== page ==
Toc Toc Woodman Review

Toc Toc Woodman (or Click Clack Jumberjack) set up to play

Just in case you're new to the site, there's one genre of game that immediately captures my attention, beckoning me to play every title within it's realm.  (My loyal readers know where this is going.)  Yes - that's right.  I love dexterity games!  So, none of you will be in any way surprised that I asked for a review copy of Toc Toc Woodman. (Though, to be fair, I also like rhyming, so I prefer its alternate name of Click Clack Lumberjack.)

Toc Toc Woodman is simple (because it's a dexterity game). You start the game with a tree made of plastic.  Upon each section (or "ring") there are four pieces of bark that are carefully balanced.  Players alternate taking two turns hitting the tree with a giant plastic axe (that is about the same height as the tree, so the lumberjacks are obviously giants that are trying to make toothpicks with these tiny trees).  Each piece of bark that a player knocks off is worth one point, but each center ring that a player knocks off is worth negative five points.  The game is played until all of the bark is removed from the tree.  (Because that's how real lumberjacks do it - they don't need that junk in the middle of the tree.  It's all about the bark.  I think they're trying to make the world's least efficient piece of armor out of it.)

Now that you know how to play the game, I suppose I'll tell you what is good about it.  First, the components are very well done.  The pieces all slide very easily, which is incredibly important with a game like this.  (It would be awful if you knocked a piece off, but then it wouldn't fall because it got stuck.)  Also, the axe is nice, and, though I joked earlier about how tall it is compared to the tree, the length really does help you swing it at the tree more easily.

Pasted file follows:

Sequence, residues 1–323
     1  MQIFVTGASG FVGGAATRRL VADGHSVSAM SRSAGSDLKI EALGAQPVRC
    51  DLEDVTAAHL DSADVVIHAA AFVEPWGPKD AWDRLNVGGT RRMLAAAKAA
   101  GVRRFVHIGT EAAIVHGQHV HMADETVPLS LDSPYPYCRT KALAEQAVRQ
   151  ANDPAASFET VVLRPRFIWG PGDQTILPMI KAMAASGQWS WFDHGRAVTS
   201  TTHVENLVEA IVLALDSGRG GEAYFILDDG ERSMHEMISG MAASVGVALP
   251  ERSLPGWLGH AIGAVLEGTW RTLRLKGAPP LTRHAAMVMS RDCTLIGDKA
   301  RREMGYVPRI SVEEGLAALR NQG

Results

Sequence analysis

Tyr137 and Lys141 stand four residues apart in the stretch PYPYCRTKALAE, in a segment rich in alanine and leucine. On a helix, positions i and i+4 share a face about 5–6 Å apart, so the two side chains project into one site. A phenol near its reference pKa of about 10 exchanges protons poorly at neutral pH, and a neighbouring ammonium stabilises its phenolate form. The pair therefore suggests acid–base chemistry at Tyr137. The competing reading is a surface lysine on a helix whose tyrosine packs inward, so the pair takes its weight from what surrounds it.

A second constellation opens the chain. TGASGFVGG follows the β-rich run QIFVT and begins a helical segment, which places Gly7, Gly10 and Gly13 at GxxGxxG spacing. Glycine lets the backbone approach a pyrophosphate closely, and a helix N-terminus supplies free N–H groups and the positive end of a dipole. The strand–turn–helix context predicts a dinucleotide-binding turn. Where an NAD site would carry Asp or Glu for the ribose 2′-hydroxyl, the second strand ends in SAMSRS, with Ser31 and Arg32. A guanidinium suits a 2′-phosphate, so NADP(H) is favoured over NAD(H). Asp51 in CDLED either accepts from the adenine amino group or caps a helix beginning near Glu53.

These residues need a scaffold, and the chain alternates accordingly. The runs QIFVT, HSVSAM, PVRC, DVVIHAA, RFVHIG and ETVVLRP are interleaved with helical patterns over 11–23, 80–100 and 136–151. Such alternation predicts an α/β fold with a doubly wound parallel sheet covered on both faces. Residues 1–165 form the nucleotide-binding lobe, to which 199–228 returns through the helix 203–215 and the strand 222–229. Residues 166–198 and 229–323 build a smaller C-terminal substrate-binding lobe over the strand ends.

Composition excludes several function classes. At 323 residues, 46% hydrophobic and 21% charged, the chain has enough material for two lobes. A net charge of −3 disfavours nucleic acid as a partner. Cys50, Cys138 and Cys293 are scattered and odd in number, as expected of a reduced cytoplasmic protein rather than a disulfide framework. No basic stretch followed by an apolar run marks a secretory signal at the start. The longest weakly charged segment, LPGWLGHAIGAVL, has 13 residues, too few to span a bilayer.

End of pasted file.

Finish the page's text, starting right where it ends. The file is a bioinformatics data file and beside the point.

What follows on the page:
Tree ready to topple in Toc Toc Woodman (Click Clack Lumberjack)
A delicate situation
The next pro for Toc Toc Woodman is that the rules are well thought out.  Whereas you would hope (and assume) this for most genres, it's not necessarily a given in dexterity games.  Or, I should say, that it doesn't always matter if the rules are well thought out in dexterity games.  However, the fact that you get to hit the tree twice in Toc Toc Woodman is a really nice touch.  After the first few rounds, the tree will most likely be in a very precarious position.  So, it is helpful that you can use your first swing of the axe to try to stabilize the tree.  If each player was only given one swing, then any time you tried to stabilize the tree, you would just be helping your opponents.  It's nice that this situation has been thought through.  The other aspect of the rules that is well thought out is the scoring.  Since each piece of bark is worth one, and the center rings are negative five (and each ring holds one piece of bark), you lose one point for each entire section you knock over.  If this weren't the case, then once you had a lead, you could try to just knock over whatever was left of the tree.  Again, a fairly small rule, but one that shows that the game designer put some effort into the rulebook.

The other beauty of dexterity games?  There's not really that much to say about them, so I get to keep the reviews short and sweet... and on that note, let's move on to the cons.

The two cons that I have for Toc Toc Woodman are both related to time.  First (this one is pretty trivial), the game is a bit of a nuisance to set up to play, since you have to assemble each piece and then stack it without the pieces sliding back off.  If you're playing with a few players and they're all helping, though, then this is mitigated.

Second (also trivial), the game can take a bit longer than it should if players are overly careful when they play.  So, you have to strike a balance between playing to win (aka not losing points by knocking things over) and actually playing the game.  If you hit the tree, and it moves less than a millimeter, then you're probably playing a bit too safe - pick up the pace so that we can play it five more times, please.

Overall, I give Toc Toc Woodman an 8.0/10.  I really enjoyed it, and it is a happy new addition to my growing library of dexterity games.  However, it doesn't have that "special something" of games like PitchCar and Crokinole.  But, that's not to say that I don't intend to keep playing it - I do.

If you like dexterity games, then you're in good company!  Because I like them too!  You should check out the games I just mentioned, but also check out Catacombs, Bamboleo, and AttrAction.

I would like to thank Mayday Games for providing me with a review copy of Toc Toc Woodman.

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